Thompson's fate is the peg upon which Ghodsee hangs descriptions of the incredibly harsh conditions under which resistance fighters lived, which in turn are contrasted to the postwar -- then post-communism -- lives of several of its survivors.
In just 200 pages, she conjures up the ordeals of men and women sabotaging the German occupation of Bulgaria and Greece, the mystery of what actually happened to one British soldier who joined them, and the reminiscences of several women resistance fighters who became leaders in postwar Bulgaria, ending with their appraisal of the country's transition to liberal democracy.
Another of Ghodsee's areas of inquiry has been the lives of women under communism, hence the lead figure in Left Side is Elena Lagadinova, who at fourteen was a courier for her partisan brothers, with whom Thompson fought. After the defeat of German fascism and the institution of a Communist-led government, Lagadinova pursued post-graduate studies in Moscow, becoming a wheat geneticist, then was asked to head the Bulgarian Women's Movement, which involved frequent meetings with counterparts in other Eastern European countries as well as participation in major international women's events.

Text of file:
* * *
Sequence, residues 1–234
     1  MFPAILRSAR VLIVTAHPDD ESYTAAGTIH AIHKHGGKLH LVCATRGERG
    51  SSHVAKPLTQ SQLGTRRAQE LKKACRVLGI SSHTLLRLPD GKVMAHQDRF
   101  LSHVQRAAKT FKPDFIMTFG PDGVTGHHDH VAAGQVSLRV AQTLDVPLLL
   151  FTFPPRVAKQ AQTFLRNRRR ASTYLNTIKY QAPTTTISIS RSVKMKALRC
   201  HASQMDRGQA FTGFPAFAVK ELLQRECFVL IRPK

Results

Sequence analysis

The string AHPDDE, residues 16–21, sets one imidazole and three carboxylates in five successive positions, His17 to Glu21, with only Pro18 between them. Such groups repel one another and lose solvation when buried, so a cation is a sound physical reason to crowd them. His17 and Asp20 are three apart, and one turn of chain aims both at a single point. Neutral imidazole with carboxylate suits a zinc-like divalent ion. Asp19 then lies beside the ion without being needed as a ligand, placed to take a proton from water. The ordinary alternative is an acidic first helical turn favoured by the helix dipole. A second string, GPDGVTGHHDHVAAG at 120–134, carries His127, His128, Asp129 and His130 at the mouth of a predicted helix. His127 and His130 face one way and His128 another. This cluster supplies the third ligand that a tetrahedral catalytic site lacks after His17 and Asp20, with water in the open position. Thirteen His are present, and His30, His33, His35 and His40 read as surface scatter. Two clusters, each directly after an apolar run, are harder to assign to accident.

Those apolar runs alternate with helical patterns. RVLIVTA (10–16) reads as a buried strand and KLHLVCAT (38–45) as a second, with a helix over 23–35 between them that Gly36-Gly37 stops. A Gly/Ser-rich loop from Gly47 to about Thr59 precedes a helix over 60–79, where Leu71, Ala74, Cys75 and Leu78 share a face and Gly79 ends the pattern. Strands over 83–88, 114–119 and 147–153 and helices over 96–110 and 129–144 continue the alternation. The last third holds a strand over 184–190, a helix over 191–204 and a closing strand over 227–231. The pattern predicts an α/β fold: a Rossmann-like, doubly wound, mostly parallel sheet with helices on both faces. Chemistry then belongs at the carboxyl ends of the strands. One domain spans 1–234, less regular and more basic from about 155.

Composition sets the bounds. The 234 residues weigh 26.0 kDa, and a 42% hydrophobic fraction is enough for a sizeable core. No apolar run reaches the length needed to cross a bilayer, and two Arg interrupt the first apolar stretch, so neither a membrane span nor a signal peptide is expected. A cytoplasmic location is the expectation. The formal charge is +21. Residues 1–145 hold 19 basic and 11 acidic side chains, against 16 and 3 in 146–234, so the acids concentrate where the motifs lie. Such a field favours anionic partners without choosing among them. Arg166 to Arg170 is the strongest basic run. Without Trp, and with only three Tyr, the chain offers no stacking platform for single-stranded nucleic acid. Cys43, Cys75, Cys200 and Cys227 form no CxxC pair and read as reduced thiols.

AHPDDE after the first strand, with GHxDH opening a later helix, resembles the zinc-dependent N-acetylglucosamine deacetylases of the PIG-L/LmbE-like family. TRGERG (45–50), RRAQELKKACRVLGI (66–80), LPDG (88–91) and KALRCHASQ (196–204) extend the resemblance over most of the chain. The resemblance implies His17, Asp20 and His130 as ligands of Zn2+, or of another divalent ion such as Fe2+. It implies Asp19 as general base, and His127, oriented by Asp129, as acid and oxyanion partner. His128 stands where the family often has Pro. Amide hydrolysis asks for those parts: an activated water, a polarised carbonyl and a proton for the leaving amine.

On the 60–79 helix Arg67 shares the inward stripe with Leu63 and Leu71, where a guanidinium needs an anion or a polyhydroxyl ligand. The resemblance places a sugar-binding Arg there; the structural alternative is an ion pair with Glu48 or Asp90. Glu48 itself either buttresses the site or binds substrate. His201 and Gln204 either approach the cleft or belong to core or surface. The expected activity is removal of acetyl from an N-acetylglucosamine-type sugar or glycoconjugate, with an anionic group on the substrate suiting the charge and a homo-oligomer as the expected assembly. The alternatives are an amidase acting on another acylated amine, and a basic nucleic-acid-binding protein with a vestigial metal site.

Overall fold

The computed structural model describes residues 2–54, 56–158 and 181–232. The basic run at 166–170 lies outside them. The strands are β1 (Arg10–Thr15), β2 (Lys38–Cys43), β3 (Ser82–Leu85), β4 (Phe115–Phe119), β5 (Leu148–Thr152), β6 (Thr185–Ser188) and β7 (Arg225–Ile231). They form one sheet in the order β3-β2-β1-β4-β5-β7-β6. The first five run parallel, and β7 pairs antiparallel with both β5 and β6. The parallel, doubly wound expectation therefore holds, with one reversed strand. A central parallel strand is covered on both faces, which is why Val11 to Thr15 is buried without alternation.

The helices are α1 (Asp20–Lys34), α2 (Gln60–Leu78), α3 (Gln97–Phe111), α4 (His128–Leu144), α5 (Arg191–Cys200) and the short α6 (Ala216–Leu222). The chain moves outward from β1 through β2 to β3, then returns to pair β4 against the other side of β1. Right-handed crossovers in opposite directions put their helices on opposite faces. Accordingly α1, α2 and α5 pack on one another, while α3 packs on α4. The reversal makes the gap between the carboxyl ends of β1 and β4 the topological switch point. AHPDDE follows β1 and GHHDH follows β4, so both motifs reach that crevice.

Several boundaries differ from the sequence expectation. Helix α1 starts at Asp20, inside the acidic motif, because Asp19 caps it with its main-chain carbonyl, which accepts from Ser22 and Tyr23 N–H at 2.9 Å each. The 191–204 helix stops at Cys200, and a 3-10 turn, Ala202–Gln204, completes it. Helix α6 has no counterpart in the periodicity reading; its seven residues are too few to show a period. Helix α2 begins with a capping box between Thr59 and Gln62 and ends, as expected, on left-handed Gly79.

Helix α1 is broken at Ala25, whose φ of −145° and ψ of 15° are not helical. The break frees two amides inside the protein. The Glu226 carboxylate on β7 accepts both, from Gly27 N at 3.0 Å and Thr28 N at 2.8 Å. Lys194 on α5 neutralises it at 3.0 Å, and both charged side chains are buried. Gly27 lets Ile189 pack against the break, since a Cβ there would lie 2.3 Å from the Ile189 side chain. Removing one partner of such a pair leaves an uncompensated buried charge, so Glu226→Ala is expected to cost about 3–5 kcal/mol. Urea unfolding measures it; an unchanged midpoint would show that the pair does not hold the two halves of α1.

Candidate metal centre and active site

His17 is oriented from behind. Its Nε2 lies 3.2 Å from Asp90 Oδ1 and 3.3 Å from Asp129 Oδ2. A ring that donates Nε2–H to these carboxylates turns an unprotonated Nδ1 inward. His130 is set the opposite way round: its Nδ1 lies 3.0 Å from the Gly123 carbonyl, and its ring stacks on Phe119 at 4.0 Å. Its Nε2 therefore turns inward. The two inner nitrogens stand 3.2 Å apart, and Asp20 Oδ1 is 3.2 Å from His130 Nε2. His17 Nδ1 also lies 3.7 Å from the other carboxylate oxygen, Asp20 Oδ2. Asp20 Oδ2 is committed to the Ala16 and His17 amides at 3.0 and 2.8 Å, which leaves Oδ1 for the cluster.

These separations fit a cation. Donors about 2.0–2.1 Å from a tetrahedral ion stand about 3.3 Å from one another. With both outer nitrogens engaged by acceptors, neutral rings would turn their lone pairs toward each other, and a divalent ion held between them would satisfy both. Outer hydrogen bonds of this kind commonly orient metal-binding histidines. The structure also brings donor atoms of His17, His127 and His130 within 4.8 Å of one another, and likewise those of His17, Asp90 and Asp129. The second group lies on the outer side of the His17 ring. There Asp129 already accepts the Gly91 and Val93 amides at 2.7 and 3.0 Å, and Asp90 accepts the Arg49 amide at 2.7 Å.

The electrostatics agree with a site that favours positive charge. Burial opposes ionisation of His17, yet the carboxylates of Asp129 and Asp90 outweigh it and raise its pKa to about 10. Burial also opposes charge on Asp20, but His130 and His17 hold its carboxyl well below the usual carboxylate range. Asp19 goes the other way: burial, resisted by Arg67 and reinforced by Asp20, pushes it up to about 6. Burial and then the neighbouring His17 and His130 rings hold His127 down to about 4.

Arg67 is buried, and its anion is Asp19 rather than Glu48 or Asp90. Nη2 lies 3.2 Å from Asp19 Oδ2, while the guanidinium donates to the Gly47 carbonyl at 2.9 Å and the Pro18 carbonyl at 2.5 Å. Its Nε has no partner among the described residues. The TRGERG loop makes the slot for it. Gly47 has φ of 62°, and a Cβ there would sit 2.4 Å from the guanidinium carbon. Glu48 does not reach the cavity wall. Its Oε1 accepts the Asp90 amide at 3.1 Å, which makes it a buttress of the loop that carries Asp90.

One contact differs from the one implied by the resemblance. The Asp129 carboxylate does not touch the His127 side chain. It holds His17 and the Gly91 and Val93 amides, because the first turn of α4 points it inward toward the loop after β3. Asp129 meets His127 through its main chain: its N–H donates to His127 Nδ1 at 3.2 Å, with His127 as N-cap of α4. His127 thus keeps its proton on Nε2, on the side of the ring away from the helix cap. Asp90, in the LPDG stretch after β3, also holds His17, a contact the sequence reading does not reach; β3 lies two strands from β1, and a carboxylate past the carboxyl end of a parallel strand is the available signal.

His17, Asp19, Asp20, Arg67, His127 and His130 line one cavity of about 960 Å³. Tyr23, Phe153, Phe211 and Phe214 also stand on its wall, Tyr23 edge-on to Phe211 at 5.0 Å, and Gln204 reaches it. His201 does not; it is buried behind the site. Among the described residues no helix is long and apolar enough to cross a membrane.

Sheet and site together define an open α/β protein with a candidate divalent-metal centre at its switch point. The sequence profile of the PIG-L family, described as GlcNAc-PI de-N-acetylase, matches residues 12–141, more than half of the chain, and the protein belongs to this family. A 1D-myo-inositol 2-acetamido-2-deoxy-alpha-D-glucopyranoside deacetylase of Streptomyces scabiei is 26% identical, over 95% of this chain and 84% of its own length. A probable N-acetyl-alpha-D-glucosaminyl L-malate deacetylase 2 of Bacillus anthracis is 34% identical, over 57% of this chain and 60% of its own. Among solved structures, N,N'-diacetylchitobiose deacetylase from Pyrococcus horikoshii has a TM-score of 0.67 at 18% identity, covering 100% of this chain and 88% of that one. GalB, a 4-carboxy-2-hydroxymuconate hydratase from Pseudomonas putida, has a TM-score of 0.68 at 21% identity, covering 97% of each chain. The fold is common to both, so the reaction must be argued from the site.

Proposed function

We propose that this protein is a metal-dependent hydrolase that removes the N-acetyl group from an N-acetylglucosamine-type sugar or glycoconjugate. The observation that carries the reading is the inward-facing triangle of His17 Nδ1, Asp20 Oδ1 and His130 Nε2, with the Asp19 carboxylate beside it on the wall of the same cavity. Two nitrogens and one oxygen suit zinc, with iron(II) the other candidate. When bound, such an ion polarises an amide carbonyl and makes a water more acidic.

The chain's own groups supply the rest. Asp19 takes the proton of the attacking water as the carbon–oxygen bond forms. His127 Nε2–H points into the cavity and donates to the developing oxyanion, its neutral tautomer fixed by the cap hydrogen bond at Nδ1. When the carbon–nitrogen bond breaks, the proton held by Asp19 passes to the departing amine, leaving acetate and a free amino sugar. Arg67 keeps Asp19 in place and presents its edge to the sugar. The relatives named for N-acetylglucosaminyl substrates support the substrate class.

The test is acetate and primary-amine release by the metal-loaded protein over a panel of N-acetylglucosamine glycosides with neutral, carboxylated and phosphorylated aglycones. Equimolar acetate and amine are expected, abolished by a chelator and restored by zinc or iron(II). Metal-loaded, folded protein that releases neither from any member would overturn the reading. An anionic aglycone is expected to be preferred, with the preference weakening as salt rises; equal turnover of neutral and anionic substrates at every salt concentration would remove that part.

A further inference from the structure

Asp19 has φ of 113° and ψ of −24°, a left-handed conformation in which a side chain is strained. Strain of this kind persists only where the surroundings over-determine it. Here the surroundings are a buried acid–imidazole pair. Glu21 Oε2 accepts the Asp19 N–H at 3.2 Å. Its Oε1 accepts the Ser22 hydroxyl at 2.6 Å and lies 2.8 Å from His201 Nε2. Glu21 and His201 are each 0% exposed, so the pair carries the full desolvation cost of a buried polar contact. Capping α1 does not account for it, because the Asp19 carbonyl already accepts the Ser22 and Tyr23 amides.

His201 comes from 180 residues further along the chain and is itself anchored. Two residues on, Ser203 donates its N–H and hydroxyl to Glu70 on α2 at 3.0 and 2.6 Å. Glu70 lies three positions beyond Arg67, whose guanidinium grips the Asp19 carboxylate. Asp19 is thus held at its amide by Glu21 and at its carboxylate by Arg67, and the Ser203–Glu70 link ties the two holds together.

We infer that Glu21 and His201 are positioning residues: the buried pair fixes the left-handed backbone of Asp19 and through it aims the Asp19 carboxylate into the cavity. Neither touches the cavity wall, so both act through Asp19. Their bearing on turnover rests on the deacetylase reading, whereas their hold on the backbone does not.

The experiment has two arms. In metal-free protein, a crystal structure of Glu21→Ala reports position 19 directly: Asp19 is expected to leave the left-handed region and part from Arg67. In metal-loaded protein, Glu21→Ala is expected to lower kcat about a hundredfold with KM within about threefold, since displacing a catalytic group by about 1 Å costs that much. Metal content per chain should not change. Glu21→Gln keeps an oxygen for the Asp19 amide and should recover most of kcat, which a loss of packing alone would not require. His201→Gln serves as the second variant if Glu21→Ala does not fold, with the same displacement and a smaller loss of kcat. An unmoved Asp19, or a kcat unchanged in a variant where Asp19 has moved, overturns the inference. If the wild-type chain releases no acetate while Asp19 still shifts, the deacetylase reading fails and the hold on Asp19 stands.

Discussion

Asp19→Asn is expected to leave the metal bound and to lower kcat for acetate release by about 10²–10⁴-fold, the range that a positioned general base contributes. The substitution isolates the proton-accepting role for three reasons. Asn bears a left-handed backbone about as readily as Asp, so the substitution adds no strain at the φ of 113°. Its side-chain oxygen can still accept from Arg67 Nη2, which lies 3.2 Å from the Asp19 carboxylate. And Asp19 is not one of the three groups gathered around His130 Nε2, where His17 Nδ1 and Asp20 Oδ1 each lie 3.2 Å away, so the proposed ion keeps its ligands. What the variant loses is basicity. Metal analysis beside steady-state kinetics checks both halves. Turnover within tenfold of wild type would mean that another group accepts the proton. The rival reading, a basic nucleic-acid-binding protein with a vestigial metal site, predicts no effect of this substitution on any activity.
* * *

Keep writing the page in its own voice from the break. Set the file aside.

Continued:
Recently, I was discussing Greece's economic problems with an acquaintance, who declared that you just couldn't let people retire at forty-five. Although I do not know the official Greek retirement age, I was certain that this was not the case because I was familiar with retirement criteria in Eastern Europe under communism: coal minors in Poland retired at fifty due to their harsh working conditions, but in the sixties across the Eastern bloc men retired at sixty, while women could retire at fifty-five.
Even today, Americans know little about the efforts made by Communist governments to improve the lives of women, and again I can vouch for Ghodsee's accuracy from my experience in both Poland and Hungary. While Americans are only just beginning to realize how much more vacation time Europeans have enjoyed under the welfare state, they still ignore the systematic, concerted efforts the East European Communist regimes made, both because gender quality is part of Communist ideology, and because they needed all the workers they could get, to bring women into the work force under conditions that also promoted infant and child welfare.
Talking about the 1946 Communist government (when future American libbers were still in high school), Lagadinova told Ghodsee:
"It was clear that we needed to give women paid maternity leave, and to build more creches and kindergartens for the children""Women needed help. We developed a comprehensive plan."
""Elena's eyes filled with excitement as she explains that Lenin believed that housework needed to be socialized in order to free women from the domestic burdens of the home and fully incorporate them into society (sic).